It is important to note that Bao-yu’s meeting with his manifest double provides the foundation for him eventually obtaining self-understanding for shortly after this encounter, he falls into a stupor, his lost jade is restored by the monk, he returns to the Land of Illusion, and finally comprehends his origins, and as a result, understands who he really is and his true self. Huang, 1995, has argued that Bao-yu “represents an alternative, a choice not to make a choice—not to be anything…In the novel he rejects almost all the traditional roles available to a literatus” (p. 104). Bao-yu throughout most of the novel makes a deliberate choice to display a willed indifference to alterative possibilities except the possibilities he lives. Using the terminology of the Danish existential philosopher Soren Kierkegaard, Bao-yu has an aesthetic view of life and dwells in the realm of pure poetic possibility. In this perspective, an individual is on a relentless quest for new possibilities of aesthetic immediacy and satisfaction and artifice. Bao-yu and his constant flight from boredom and valorization of possibility over actuality, avoidance of personal responsibility and commitment, and escapist fantasies (see in particular chapter 23 of Honglou meng for examples of his quest in action), clearly displays the aesthetic approach towards life. The aesthete, like Bao-yu, attempts to stop time and live in the present permanently, imaginatively creates the world in his image, and replaces reality with fantasy. Aesthetic enjoyment is obtained through experimenting with different possibilities directly or in an imaginative or reflective manner (which Bao-yu with his finely developed aesthetic intelligence is easily able to do). As a result, the self becomes a composite of evolving aesthetic possibilities and is fragmented. When Bao-yu finally reaches an understanding of his origin and nature, his sense of self becomes unified, and he moves up to the ethical view of life, where necessity and commitment rather than possibility rules. (For information on the aesthetic stage of life, seek Kierkegaard’s Either/Or: A Fragment of Life by Soren Kierkegaard, Translated by Alastair Hannay (New York: Penguin Books, 1992) and Living Poetically: Kierkegaard’s Existential Ethics by Sylvia Walsh (University Park, Pennsylvania: The Pennsylvania University Press, 1994), pp. 63–125.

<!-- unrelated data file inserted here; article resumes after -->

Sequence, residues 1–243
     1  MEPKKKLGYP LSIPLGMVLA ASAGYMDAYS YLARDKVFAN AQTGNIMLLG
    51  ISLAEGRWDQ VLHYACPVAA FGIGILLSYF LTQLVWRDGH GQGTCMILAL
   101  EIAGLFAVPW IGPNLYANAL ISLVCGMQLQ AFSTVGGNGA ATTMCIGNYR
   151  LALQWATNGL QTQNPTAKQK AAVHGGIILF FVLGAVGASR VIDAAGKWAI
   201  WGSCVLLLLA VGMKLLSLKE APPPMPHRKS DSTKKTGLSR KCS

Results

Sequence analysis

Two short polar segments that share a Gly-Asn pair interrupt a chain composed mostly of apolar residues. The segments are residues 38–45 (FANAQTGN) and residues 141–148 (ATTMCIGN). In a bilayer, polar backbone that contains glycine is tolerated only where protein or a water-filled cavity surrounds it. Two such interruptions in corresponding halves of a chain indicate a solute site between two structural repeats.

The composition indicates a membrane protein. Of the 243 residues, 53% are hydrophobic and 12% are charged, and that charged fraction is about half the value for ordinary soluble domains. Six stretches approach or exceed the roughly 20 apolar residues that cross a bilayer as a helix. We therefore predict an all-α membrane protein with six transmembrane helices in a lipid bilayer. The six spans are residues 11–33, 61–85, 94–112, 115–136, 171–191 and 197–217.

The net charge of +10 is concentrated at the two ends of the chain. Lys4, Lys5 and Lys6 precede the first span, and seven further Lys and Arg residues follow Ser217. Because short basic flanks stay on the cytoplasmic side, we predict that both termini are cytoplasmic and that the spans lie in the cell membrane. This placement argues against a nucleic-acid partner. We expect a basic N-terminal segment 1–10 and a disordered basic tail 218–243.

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on, and perhaps a reconciliation with, what he has become. This may have helped in the creation of the new identity he was struggling to make.72 As Cao Xueqin proceeded through life, he began to gradually realize that his marginalized status presented certain advantages (as it did for his heroes Ruan Ji and Li Zhi) and that his position as an outsider gave him a special perspective on things as well as a stance he could use to aesthetically structure his life. Given his extensive curiosity, varied interests, impressive talents, and deep love of literature, it would have become increasingly obvious to him that writing could provide a viable avenue by which he could reconstitute his fragile sense of identity and finally align his ability with his goals. Moreover, he realized that writing could provide a refuge and solace from his many problems. On a certain level, Cao Xueqin’s decision to turn to writing as a career was not surprising. During this period, very few options existed in China for talented individuals that were not connected with the world of officialdom. Because of the country’s rapidly growing population, the rise of merchant peasant families who were aggressively using their wealth to increase their social position (in part by having their well-educated children participate in the government exams), the increasing social mobility, the professionalization of the area of scholarship, and the fact that government jobs were becoming more and more unavailable, many Qing dynasty literati were forced to reexamine their role in society and create new roles and identities so that they could remain members of the elite. Consequently, some, like Cao, took up the writing of fiction. “The novel as a 72